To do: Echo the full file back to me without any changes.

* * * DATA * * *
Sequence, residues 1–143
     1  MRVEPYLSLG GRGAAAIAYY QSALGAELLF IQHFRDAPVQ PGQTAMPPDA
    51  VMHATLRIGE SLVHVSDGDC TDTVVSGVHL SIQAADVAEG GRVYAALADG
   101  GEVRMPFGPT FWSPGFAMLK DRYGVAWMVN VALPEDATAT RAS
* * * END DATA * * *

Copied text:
Sequence, residues 1–143
     1  MRVEPYLSLG GRGAAAIAYY QSALGAELLF IQHFRDAPVQ PGQTAMPPDA
    51  VMHATLRIGE SLVHVSDGDC TDTVVSGVHL SIQAADVAEG GRVYAALADG
   101  GEVRMPFGPT FWSPGFAMLK DRYGVAWMVN VALPEDATAT RAS